An elderly man appears in a photo where his head is surrounded by bullets, as if he is swimming in a pool of ammunition. It turns out that this man is actually the last survivor of the Babyn Yar massacre and one of the principal personalities of a new exhibition displaying Holocaust survivors in a humane and creative way.
This photo of Michael Sidko is part of a new photography exhibition that will open at the German Embassy in Tel Aviv on Wednesday, titled Humans of the Holocaust.
The exhibition tells the extraordinary stories of 40 Holocaust survivors as well as second- and third-generation survivors. The exhibition engages viewers with the human stories behind every photo, and by extension, helps them to imagine the millions of untold stories.
Telling the story of the Holocaust for new generations
“I started the Humans of the Holocaust project after I saw a survey conducted by the Claims Conference that revealed that over two-thirds of millennials have never heard of Auschwitz, and that half could not name a single concentration camp or ghetto.”Erez Kaganovits
“I started the Humans of the Holocaust project after I saw a survey conducted by the Claims Conference that revealed that over two-thirds of millennials have never heard of Auschwitz, and that half could not name a single concentration camp or ghetto,” explained Erez Kaganovitz, the photographer. “Those numbers send a shiver down my spine, and I realized that I have to do something in order to better inform and educate people about the universal lessons of the Holocaust.”
Kaganovitz realized that “we have to ignite a great spark of curiosity in those Millennials and Gen Zers when trying to better educate and inform them about the Holocaust,” and that is exactly what he’s trying to do in this project.
The stories that he’s collected are inspiring and optimistic, and they are portrayed in ways that are unexpected and moving.
“It has a global message where you don’t have to be Jewish in order to engage with it,” he said.
“It’s not a ‘classic Holocaust’ project, but rather a project that makes you want to engage with the human story behind it,” he continued. “It’s an optimistic project where you can see how the human spirit can overcome the direst of times.”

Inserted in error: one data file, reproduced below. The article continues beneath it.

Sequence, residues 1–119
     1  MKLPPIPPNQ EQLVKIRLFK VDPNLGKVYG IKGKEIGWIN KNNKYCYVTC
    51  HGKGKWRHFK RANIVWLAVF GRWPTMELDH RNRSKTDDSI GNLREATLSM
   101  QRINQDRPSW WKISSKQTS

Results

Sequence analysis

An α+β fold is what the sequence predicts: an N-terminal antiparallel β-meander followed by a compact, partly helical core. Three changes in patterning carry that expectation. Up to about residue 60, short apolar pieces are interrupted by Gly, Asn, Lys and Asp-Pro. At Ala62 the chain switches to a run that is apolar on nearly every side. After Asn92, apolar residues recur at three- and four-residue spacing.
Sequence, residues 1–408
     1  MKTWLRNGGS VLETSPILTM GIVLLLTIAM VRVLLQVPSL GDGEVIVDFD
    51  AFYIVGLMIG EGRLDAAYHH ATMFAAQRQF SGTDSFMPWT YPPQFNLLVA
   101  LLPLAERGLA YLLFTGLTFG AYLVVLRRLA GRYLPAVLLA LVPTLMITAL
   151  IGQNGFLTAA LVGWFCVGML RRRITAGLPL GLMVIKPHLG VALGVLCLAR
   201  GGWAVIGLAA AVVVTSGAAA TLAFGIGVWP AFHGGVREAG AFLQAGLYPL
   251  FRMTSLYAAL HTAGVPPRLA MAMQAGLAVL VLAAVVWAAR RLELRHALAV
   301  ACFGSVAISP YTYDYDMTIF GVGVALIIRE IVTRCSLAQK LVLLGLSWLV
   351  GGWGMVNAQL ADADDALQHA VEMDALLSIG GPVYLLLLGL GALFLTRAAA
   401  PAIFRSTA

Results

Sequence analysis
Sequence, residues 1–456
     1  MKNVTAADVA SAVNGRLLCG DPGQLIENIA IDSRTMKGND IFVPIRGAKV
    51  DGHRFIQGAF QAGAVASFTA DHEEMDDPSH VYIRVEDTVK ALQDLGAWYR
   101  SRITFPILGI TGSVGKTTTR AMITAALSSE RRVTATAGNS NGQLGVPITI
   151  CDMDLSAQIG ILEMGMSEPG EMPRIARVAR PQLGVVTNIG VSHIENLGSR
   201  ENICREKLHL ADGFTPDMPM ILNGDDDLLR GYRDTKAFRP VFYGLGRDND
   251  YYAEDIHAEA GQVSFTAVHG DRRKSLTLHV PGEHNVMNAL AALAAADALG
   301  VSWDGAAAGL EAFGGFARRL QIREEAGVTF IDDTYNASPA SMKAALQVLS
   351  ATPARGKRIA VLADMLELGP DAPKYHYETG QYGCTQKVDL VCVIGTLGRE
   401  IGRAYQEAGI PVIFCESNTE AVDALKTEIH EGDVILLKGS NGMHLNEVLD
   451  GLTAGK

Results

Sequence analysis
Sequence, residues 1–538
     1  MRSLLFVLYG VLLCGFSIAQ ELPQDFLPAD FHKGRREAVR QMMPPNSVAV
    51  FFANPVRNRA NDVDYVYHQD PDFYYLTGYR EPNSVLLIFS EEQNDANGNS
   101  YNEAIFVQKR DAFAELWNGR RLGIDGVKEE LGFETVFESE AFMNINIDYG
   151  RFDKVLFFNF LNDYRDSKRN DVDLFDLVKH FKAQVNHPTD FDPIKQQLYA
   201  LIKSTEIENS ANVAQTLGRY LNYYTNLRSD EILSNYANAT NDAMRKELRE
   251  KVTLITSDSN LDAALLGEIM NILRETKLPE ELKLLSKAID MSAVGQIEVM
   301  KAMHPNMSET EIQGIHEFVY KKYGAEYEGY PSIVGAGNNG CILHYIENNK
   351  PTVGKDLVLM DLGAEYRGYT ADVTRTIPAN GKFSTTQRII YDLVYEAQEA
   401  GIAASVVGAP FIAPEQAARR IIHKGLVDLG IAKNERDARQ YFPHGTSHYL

Sidko, the last survivor of the Babi Yar massacre, is quoted saying that “over the course of two days on September 29-30, 1941, Nazi Germany’s forces and Ukrainian accomplices massacred 33,771 Jews.” He added that among those massacred “were my infant brother Volodya, my baby sister Clara and my mother. Even though I was only six years old, I still remember every gruesome detail. I wish I didn’t but the sights, sounds and smell of gunpowder still haunt me to this day.”
Dugo Litner, a survivor of Auschwitz-Birkenau, was photographed posing with a yellow-colored balloon in the shape of a Jewish star, and the word “Jude” was written on it. Litner became famous in Israel, mainly among youngsters, since they annually celebrate the day he was freed from Auschwitz by eating a falafel, as he has been doing for decades. He is quoted in the exhibition saying that “I am taking ownership of the symbol that turned me into a subhuman and turning it into an optimistic and smiling creation.”
German Ambassador Steffen Seibert said that “with the last living survivors and witnesses of the Holocaust meanwhile at a very high age, we need to find new ways to engage the public and especially the younger generation. It remains our responsibility to preserve the memory of the past and to live by its lesson: that we all need to stand together and strengthen our societies and institutions in the fight against antisemitism and hatred.”
Seibert added that “when we speak of victims of the Holocaust, we speak of millions of individual human beings. Showing their faces and highlighting their individual life stories for the digital age is an innovative and fruitful contribution to this effort.”
The Humans of the Holocaust exhibition will open at the German Embassy in Tel Aviv, 2 Hashlosha St. (Entrance C), on April 19 at 12 p.m.